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Domus Aurea is a unique attraction in the heart of Rome and an archaeological dig that reveals many levels of recovery and restoration of the dreams of an extravagant emperor. Read on to learn more about its history and idiosyncrasies that make it one of the most exciting underground attractions in Rome.
Domus Aurea, Latin for Golden House, is a palatial and landscaped complex built by Emperor Nero after a fire nearly wiped out much of the city centre of Rome. The name Domus Aurea epitomises how it shone like gold, with its natural lights reflecting off the fine marbles, rare stones and gold leaves on its walls.
Situated largely on the Oppian Hill in ancient Rome, it was constructed over a span of 4 years (64 - 68 AD) but is still said to be incomplete as the emperor Nero died shortly and the Domus outlived him only for a few years more.
It not only played host to many wild parties of one of Rome’s most infamous emperors but was also adorned with the finest marble, exquisite wall paintings, gilded arcades, ornamentals fountains and gardens. This sumptuous palace consisted of a series of building with over 300 rooms, separated by gardens, vineyards, woods and an artificial lake where the Colosseum stands today.
The Domus Aurea has scheduled visits only on certain days of the week.
Two visits: 4.00 pm and 5.30 pm
Friday, Saturday and Sunday
9:15 am - 5:00 pm
Visits are held every 15 minutes
Address: Via Della Domus Aurea, 00184 Roma RM, Italy. [Find on map]
The Domus Aurea is located in the Parco del Colle Oppio (Oppian Hill park), just opposite to the Colosseum.
By metro - The closest metro station is Colosseo and Domus Aurea is a 5-minute walk from this station.
By bus - Buses 51, 85 and 87 will drop you off at the Colosseo but stop from which Domus Aurea is a 5-minute walk, uphill.
By taxi - You can take a taxi to Domus Aurea which will drop you off at the park entrance and it is a 2-minute walk to the main door of the attraction.
Domus Aurea provides the following facilities on its premises:
The West Wing is the best-conserved part of the entire Domus Aurea complex that reflects the luxury of this pleasure palace. This structure has two floors and at least 140 rooms with ceilings as high as 11 meters. The main entrance is through the Sacra, from the Forum and is surrounded by scenery of vast gardens spanning over 125 acres and extending into parklands and lakes.
The ground floor was dedicated mainly to banquet halls adorned with wall paintings. This one courtyard, in the West Wing, had not less than 50 banquet rooms.
Another pentagonal courtyard with 15 separate rooms was decorated with glass mosaics. One of these 15 rooms, is the ‘Golden Vault’ that had gilded ceilings, panels of marble and a striking picture of Zeus abducting Ganymede, from Greek mythology.
The Domus Aurea octagonal room has a concrete dome which was originally covered with glass mosaics. This dome and the use of concrete for vaulting in buildings went on to become common in Roman architecture.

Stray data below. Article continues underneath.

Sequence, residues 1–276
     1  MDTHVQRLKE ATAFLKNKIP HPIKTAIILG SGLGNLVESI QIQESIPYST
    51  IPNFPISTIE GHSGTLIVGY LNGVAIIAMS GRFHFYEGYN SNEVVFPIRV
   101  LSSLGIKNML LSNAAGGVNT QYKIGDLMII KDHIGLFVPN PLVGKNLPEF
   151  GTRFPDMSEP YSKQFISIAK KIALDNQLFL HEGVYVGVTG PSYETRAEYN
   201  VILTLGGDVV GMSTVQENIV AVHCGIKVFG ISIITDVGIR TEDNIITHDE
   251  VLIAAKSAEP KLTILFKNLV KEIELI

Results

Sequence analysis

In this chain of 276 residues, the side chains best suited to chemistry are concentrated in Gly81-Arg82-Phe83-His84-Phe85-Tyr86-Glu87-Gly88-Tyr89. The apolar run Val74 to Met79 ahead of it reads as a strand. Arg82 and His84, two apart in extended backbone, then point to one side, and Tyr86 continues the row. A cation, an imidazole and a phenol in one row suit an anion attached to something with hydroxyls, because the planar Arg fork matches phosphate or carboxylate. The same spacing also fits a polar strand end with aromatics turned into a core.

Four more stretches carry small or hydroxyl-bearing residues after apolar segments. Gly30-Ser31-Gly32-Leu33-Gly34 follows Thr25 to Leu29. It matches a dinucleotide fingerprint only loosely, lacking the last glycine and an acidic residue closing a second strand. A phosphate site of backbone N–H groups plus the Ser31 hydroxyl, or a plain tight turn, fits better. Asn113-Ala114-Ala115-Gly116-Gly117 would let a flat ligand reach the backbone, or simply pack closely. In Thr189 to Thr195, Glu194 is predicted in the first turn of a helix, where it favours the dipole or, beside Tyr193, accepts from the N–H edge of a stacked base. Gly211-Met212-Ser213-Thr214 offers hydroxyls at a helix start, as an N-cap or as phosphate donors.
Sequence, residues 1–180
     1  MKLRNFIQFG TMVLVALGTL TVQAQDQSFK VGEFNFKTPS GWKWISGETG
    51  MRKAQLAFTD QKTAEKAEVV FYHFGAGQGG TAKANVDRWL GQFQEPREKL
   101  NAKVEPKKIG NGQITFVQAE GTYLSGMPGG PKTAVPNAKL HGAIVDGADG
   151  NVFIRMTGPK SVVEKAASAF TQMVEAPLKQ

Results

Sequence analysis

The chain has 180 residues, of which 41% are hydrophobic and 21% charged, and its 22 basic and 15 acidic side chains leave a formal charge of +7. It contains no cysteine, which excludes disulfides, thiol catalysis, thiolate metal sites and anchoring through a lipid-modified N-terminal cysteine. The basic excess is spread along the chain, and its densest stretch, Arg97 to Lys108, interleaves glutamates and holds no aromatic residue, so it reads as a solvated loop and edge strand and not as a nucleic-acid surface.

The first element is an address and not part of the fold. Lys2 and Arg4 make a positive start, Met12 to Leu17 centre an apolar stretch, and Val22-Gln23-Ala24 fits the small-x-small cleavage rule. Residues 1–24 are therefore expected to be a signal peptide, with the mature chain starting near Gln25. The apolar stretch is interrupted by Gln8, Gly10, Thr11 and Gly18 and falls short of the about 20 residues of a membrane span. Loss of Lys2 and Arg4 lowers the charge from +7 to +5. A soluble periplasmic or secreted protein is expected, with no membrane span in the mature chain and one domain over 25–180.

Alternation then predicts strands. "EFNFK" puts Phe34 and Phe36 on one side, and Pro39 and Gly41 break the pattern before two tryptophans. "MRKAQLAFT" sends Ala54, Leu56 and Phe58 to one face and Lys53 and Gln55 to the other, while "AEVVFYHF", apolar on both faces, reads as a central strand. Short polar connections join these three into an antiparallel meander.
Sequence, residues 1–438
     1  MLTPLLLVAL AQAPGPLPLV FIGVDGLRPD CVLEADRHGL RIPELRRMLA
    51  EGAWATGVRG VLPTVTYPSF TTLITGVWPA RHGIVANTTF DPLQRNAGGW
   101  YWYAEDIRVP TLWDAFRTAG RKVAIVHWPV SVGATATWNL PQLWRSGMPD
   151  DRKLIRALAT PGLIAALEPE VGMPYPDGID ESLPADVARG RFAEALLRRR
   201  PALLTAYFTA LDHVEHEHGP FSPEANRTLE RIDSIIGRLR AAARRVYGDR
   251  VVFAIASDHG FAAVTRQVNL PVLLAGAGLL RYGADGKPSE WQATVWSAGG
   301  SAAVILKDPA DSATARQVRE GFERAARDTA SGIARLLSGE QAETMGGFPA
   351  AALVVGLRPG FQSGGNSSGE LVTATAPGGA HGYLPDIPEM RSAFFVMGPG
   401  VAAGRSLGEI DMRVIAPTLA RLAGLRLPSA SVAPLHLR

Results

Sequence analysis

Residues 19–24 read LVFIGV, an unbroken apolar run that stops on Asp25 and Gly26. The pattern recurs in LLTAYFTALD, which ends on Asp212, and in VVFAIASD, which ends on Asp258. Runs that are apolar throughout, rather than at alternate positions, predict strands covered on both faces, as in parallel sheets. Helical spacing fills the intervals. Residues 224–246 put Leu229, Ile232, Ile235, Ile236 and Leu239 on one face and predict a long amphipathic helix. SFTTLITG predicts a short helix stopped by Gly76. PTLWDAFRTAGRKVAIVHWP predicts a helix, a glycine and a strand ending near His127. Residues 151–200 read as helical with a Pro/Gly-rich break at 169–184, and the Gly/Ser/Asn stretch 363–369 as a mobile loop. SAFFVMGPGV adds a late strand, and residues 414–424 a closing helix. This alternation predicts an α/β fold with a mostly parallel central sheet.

Famulus, a Roman painter, spectacularly decorated Nero’s Golden House. He was known as the ‘floridly extravagant artist’. The Golden House is considered a ‘prison’ that contained all of his fabulous productions. The walls and ceilings of Domus Aurea were filled with frescoes. It is a mural painting technique that involves using water-based paint on wet plaster which in turn makes the painting an integral part of it. There are depictions of horses with leaflike legs and unholy hybrids of animals and humans prowling over unusual architectural features, painted in a vivid spectrum of ancient Technicolour.
Most parts of Nero’s Golden House remained buried and unknown until the Rennaisance. It was only then passionate artists like Pinturicchio, Giulio Romano, Ghirlandaio and Raffaello went underground to recreate the decorative motifs and also picked up the term ‘grotesque’. The term ‘grotesque painting’ is used even today for genres that are inspired by the 16th century and reinterpreted innovatively.
Domus Transitoria is the lesser-known original residence of Emperor Nero which was destroyed in the Great Fire of Rome that burned most of the city in AD 64. The structure was gigantic in size and was an important building that connected Nero’s imperial holding in Palatine Hill and the Esquiline zone. Some parts of Domus Transitoria are preserved and accessible today.
Among these is the Nymphaeum of Polyphemus, found under the Baths of Livia, which stands to be a place of immeasurable value and magnificent beauty. The waterworks surrounding the structure and a triclinium (a couch for reclining) amidst porphyry columns and marble pilasters are all reminiscent of the emperor’s dream of leisure and amusement. The pictorial remains of Domus Transitoria including stucco decorations and parts of the marble flooring are conserved and displayed at the Palatine Museum.
The Colossus of Nero (Colossus Neronis) was a 98 feet bronze statue of the emperor, Nero Claudius, where he is depicted as the sun god. It was originally in a vestibule in the Domus Aurea but eventually, it was moved to the Flavian Amphitheatre which later became known as the Colosseum. The statue, designed by Greek architect Zenodorus, was originally placed at the main entrance of the Domus Aurea. Emperor Vespasian placed a solar crown on it and renamed the statue Colossus Solis, shortly after Nero’s death in AD 68.
Unfortunately, today only the base of the statue remains near the Colosseum and is believed to have been destroyed in one of the earthquakes in the 5th century.
Nero Claudius Ceasar Augustus Germanicus was the fifth Roman Emperor and the last one of the Julio-Claudian dynasty. He reigned from 54 AD until his death in 68 AD. Characterized as a tyrannical, rakish, and self-indulgent, he was resented by the Roman aristocracy but enjoyed popularity with the lower-class commoners and his army of personal bodyguards, the Praetorian Guard.
Its aftermath of an urban fire in AD 64 left almost two-thirds of the city completely destroyed. What was believed as either an accident or an alleged arson of Nero himself resulted in an opportunity that he took to construct his pleasure palace, the Golden House.
In AD 68, Nero is said to have committed suicide after the Roman Senate declared him a public enemy.